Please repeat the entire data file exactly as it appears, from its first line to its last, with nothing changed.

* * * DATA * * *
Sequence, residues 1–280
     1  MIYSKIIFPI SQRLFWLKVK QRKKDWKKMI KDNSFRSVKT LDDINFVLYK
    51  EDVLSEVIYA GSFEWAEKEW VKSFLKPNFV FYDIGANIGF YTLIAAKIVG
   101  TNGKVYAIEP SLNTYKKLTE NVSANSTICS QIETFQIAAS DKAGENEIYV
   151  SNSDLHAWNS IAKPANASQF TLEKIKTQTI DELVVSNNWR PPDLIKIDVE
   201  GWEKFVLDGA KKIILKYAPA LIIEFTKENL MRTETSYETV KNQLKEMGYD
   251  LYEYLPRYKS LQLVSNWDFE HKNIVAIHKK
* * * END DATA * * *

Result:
Sequence, residues 1–280
     1  MIYSKIIFPI SQRLFWLKVK QRKKDWKKMI KDNSFRSVKT LDDINFVLYK
    51  EDVLSEVIYA GSFEWAEKEW VKSFLKPNFV FYDIGANIGF YTLIAAKIVG
   101  TNGKVYAIEP SLNTYKKLTE NVSANSTICS QIETFQIAAS DKAGENEIYV
   151  SNSDLHAWNS IAKPANASQF TLEKIKTQTI DELVVSNNWR PPDLIKIDVE
   201  GWEKFVLDGA KKIILKYAPA LIIEFTKENL MRTETSYETV KNQLKEMGYD
   251  LYEYLPRYKS LQLVSNWDFE HKNIVAIHKK